cause roughly 50% of all common colds—are spread easily. It’s important to
remember to wash hands regularly and avoid touching the eyes, nose, and mouth.
Unfortunately, the flu does not stop with the warmer temperatures
of spring. In fact, flu viruses do well in humidity. Be vigilant and continue to practice hand
washing, especially while traveling.
Warmer, rainy spring weather is the preference of deer ticks,
which transmit Lyme disease. These tiny creatures become active in temperatures
above 35° F. Avoidance strategies work best, so avoid walking in tall
vegetation and to use tick repellent whenever spending time outdoors.
Like rhinoviruses, noroviruses thrive in the warmer weather. They
are very contagious, and although the symptoms—which include stomach pain,
cramping, nausea, diarrhoea, and vomiting—usually last for only 1-2 days, those
afflicted are usually contagious for 3 days after symptoms abate.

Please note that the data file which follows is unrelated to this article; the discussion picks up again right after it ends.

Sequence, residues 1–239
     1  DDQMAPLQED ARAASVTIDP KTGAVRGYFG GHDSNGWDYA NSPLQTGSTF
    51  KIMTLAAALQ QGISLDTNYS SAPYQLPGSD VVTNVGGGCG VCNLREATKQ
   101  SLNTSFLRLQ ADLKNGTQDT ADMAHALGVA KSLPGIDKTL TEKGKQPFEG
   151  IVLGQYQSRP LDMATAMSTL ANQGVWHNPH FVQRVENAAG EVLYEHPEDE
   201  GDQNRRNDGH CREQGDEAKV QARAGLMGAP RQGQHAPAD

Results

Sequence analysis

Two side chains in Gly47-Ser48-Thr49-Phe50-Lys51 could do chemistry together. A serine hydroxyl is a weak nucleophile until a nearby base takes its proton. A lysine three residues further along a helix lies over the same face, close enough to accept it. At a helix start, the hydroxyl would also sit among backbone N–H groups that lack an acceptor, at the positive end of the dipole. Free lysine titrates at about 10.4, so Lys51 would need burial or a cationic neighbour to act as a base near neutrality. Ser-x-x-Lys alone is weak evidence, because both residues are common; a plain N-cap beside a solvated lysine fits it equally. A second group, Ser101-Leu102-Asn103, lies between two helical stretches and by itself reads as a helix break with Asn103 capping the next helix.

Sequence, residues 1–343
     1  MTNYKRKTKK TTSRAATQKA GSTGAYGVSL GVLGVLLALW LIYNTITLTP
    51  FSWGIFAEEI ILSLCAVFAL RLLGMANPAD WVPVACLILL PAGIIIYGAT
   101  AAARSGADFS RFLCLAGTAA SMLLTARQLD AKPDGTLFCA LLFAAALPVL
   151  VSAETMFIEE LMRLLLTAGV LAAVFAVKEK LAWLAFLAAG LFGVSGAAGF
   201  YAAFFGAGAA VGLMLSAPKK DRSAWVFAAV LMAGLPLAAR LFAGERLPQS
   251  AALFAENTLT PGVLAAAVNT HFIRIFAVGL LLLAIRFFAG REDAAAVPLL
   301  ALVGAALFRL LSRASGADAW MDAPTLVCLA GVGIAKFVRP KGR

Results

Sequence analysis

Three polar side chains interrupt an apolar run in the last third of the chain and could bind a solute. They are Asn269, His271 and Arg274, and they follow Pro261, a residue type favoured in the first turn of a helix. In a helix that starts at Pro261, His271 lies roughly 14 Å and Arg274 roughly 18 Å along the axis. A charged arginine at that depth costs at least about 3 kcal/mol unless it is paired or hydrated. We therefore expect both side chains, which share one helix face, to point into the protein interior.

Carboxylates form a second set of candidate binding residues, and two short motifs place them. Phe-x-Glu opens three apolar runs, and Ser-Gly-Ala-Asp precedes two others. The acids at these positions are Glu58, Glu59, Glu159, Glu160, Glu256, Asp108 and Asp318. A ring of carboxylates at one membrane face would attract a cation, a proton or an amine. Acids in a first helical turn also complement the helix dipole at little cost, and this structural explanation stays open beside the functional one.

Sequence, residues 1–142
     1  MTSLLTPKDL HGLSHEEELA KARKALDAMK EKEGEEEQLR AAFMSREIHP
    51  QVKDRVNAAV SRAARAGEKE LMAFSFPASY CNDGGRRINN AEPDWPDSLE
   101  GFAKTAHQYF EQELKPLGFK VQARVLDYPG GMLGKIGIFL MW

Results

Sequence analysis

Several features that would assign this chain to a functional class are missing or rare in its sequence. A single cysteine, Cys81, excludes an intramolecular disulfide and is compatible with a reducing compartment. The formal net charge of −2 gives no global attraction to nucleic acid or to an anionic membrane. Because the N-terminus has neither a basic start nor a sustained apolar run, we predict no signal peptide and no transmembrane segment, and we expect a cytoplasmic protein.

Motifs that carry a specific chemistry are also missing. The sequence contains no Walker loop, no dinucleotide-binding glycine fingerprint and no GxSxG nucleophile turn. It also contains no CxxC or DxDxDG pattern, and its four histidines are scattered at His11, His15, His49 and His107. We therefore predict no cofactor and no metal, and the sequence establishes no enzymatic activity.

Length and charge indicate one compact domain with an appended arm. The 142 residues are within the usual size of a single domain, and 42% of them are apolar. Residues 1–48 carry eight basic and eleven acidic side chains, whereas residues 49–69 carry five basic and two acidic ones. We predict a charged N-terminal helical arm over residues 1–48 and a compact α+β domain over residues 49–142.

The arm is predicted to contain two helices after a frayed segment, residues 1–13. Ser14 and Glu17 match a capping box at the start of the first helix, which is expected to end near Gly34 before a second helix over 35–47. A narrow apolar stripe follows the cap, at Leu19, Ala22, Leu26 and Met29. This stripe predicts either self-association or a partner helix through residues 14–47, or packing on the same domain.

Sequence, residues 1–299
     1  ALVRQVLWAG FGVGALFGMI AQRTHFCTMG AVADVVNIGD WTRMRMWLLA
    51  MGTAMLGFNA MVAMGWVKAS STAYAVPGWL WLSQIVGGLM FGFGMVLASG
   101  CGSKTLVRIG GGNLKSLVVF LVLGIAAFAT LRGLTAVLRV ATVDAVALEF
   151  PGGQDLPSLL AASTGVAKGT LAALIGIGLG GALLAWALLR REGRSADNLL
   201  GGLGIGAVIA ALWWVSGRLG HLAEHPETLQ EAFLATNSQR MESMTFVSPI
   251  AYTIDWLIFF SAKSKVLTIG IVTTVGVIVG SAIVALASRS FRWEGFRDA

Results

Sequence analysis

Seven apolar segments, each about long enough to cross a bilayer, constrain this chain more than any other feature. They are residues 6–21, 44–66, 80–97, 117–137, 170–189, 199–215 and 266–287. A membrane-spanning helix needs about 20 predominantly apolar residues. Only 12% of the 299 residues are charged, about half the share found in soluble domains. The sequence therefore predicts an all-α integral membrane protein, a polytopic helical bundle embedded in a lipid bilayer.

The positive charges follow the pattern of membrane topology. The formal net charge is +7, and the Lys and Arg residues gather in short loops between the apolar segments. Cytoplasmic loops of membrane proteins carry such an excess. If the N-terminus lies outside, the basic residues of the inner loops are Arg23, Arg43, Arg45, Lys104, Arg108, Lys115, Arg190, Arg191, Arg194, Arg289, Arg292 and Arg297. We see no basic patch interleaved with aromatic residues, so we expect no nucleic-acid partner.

Proper handwashing and sanitization guidelines are key to
preventing stomach viruses. Have a disinfectant on hand and keep your family’s
immune system healthy with vitamin-rich and nutritional meals. (Mommybites)
If you’ve ever had strep throat before, you know how essential it
is to prevention. Because strep throat spreads easily through coughing,
sneezing, and touching objects that may contain the saliva of an infected
individual, be sure to keep disinfectant wipes and hand sanitizer with you for
extra precaution in public spaces.
Allergic Conjunctivitis (pink or red eyes)
If your child comes home from school with red/pink, watery eyes
you may think he or she caught the dreaded “pink eye” infection. To determine